Turning Technology inTo Business Value

Business WhiTe PaPer

AlcAtel-lucent SIP FederAtIon Model:

understanding when, where, how and why to deploy siP solutions can be a minefield, but that’s all about to change. alcatel-lucent is the first vendor to propose a comprehensive and actionable framework to turn siP into business value. The alcatel-lucent siP Federation Model outlines five scenarios that address the main constituents of a communications architecture, and each scenario identifies opportunities for siP deployment and the business value that can be derived. The siP Federation Model is based upon alcatel-lucent’s extensive experience of iP deployments for thousands of customers, our rich siP heritage in Bell labs and genesys, and our ongoing assessments of new technologies. With the alcatel-lucent siP Federation Model, siP can finally live up to its promise of delivering tangible business benefits and hard roi.

tAble oF contentS
introduction / 1 The alcatel-lucent siP Federation Model / 1 The Five scenarios of the alcatel-lucent siP Federation Model / 2
1. networks: siP Trunking or the Foundation level of siP / 2 2. Devices: unifying the user experience / 2 3. Federation of communication systems / 2 4. Federation of applications / 3 5. Federation of collaborative conversations / 3

alcatel-lucent’s siP credentials / 4

With CIOs and IT directors under pressure to deliver services that help business line managers grow their respective areas of responsibilities, it is essential that they are able to translate technology implementations into tangible business value for a competitive advantage. This challenge occurs at a time when technologies are becoming increasingly standardized, with budgets still tightly controlled, and with a new generation of power-users dictating to their IT departments exactly which phone with which apps they want/need to do their jobs. For CIOs, it comes down to closing the gap between the convenience, comfort and value of consumer communications and their expected equivalent in the enterprise space. This is a shift aimed at transforming communication technologies and related applications into business value and improved employee engagement — and involves moving from voice-centric communications to native multimedia conversations that provide history and context. This shift, inevitably, must be supported by technology. The technology’s name — or, rather, its more commonly used acronym — is SIP (Session Initiation Protocol). SIP provides the ability to span the three main domains that make the shift possible: networks, applications and devices. And it is critical for enterprises to understand how to use SIP for the ultimate benefit of the business.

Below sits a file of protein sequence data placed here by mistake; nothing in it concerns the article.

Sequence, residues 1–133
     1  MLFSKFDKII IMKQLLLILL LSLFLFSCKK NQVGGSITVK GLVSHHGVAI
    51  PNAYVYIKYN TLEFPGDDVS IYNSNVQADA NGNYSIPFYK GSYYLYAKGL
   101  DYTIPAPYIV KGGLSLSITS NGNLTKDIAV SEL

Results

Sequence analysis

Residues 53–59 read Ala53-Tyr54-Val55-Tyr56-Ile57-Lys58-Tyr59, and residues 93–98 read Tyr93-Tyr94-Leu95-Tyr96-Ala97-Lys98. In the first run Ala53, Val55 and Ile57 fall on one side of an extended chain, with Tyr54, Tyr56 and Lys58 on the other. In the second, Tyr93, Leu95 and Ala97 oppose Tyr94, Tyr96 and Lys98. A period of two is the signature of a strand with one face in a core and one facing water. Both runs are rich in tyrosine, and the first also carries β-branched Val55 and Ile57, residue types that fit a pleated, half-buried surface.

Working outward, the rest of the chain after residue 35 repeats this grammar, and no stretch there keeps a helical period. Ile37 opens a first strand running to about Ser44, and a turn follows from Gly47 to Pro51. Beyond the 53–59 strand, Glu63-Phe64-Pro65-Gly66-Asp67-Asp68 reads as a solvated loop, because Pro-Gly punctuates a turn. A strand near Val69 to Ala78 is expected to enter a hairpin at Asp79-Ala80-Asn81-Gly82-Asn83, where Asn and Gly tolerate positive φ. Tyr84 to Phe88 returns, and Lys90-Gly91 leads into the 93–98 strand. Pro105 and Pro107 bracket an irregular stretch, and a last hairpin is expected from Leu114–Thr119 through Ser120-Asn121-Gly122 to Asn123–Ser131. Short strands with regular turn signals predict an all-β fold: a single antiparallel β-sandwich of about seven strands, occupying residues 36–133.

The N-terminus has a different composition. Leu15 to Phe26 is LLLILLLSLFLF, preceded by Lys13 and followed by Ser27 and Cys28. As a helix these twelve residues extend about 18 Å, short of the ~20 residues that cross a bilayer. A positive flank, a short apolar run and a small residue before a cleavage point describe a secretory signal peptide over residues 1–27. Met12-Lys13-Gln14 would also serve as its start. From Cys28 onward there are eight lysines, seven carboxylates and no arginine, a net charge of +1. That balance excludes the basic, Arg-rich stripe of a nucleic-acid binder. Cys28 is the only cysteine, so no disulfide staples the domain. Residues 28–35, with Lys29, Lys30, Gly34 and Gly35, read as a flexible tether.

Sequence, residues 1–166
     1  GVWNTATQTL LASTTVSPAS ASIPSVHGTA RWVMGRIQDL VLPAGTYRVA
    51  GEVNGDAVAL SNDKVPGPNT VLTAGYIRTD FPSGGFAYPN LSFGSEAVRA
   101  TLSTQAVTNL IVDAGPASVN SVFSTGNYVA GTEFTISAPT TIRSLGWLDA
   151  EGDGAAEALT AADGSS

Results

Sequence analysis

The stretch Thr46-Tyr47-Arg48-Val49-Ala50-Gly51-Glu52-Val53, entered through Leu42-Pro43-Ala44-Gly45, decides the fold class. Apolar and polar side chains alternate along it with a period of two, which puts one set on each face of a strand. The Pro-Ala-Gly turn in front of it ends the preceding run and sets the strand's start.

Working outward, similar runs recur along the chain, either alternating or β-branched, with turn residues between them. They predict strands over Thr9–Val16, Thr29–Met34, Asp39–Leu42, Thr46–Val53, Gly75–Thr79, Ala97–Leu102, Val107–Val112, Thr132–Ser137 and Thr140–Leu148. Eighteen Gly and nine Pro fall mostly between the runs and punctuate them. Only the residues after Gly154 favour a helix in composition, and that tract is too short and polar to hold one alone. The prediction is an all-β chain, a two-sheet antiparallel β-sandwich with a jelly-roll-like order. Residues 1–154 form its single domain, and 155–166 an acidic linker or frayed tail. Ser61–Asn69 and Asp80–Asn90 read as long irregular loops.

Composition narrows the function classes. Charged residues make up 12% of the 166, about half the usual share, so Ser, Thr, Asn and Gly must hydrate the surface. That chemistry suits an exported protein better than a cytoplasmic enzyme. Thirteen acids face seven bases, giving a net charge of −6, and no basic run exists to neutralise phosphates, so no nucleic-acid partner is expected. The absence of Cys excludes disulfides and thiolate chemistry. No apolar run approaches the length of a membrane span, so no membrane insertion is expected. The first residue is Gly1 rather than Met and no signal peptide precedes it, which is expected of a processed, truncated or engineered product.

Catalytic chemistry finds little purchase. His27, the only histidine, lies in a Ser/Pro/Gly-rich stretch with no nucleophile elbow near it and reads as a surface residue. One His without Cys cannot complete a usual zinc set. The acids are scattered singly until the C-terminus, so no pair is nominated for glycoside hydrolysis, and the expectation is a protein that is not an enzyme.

the AlcAtel-lucent SIP FederAtIon Model
To help enterprises and public organizations leverage the power of a SIP-based communications architecture, Alcatel-Lucent is the first vendor to propose a comprehensive and actionable framework to turn SIP into business value. The Alcatel-Lucent SIP Federation Model proposes five scenarios for the use of SIP as a technology, addressing the main constituents of a communications architecture and highlighting the expected business gains to be realized from each. While these scenarios can be managed and implemented independently, the hierarchical structure of the Alcatel-Lucent SIP Federation Model provides a logical framework to help organizations address business priorities.